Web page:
In Translation: Western superiority and Arab denial (Part 1)

In a long two-part article, the prominent Saudi commentator and academic Khaled al-Dakheel has written an epic rant about how badly off the Arab world is and how incapable it is of facing its own shortcomings. I'm not sure what triggered the timing, but it is probably related to the collective hand-wringing about the state of the region, and the Syrian calamity in particular, that the picture of Aylan al-Kurdi and thousands of other refugees from Syria has triggered. Much like some segments of the Western press about the West's response, there has been much questioning as to whether enough is being done for Syria by Arabs. (Of course, there has also been much opportunistic blame-shifting by the various sides of the Syrian war.) 

Al-Dakheel's jeremiad, an increasingly common type of article by Arab intellectuals in these dark ages (although one could trace the style, at least, to Sadik al-Azm's Self-Criticism After the Defeat), is about something more general, though. It appears as an exasperated antidote to the widespread strain of fuzzy, conspiratorial, delusional and self-aggrandizing rhetoric that dominates so much of public discourse in the region. It has little interest in focusing on the colonial and neo-imperial roots of the Middle East's troubles, seeing them as a way to deflect responsibility for Arab countries' and societies' faults and choices. Yet in its flattering (and somewhat provocative) assessment of Western superiority, it still remains trapped in the us-versus-them logic that it decries as so poisonous. This is part I of his article published in al-Hayat, part II will be published on Wednesday.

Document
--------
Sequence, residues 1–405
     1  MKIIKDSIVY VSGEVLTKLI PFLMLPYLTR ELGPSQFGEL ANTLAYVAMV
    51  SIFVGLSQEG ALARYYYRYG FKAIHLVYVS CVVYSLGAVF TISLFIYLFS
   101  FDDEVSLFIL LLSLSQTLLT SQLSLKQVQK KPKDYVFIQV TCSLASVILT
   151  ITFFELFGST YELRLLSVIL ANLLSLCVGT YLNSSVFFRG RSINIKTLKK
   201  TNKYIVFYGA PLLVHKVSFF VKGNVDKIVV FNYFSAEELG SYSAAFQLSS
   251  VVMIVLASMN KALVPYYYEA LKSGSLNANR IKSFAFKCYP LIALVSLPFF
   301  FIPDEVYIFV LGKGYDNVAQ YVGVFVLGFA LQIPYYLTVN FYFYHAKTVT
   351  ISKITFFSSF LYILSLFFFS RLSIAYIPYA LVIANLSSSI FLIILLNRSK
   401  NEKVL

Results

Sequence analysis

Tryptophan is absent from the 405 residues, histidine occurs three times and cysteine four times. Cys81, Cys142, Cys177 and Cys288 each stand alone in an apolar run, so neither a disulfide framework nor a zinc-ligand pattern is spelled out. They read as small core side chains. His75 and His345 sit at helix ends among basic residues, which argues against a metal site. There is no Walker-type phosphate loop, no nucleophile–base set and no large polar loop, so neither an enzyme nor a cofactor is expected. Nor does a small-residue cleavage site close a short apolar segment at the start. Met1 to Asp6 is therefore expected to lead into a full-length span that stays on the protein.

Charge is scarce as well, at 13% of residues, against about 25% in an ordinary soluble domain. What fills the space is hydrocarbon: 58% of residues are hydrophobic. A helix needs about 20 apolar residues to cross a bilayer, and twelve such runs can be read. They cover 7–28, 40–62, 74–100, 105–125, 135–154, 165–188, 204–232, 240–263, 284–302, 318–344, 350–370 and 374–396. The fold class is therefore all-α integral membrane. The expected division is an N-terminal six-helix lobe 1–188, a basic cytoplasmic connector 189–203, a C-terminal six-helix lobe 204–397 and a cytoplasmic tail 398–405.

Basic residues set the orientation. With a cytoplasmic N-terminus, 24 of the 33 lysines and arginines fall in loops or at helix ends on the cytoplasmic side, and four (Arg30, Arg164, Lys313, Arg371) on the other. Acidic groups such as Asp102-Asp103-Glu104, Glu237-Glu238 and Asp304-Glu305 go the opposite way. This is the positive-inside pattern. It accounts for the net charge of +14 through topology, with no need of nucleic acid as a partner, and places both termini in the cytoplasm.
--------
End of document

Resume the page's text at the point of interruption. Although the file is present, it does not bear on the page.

Brought to you, as always, by the excellent professional translation team of Industry Arabic

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The Western Spring

I’ve been following the Occupy Wall Street movement in the United States intermittently but with great interest. I am deeply pleased to see people in my country finally express some indignation (indignation that, unlike the Tea Party’s, isn’t high-jacked by racism and right-wing millionaires) over the way financial interests have dominated and perverted our political system. And challenging the insidious restrictions on the use of public space and the freedom of assembly and expression that have proliferated since 9/11 (regarding which, please, please watch this video by genius British activists).  

I’m also fascinated by the fact that the protests in the US and in Europe are so clearly inspired by the so-called Arab Spring. 

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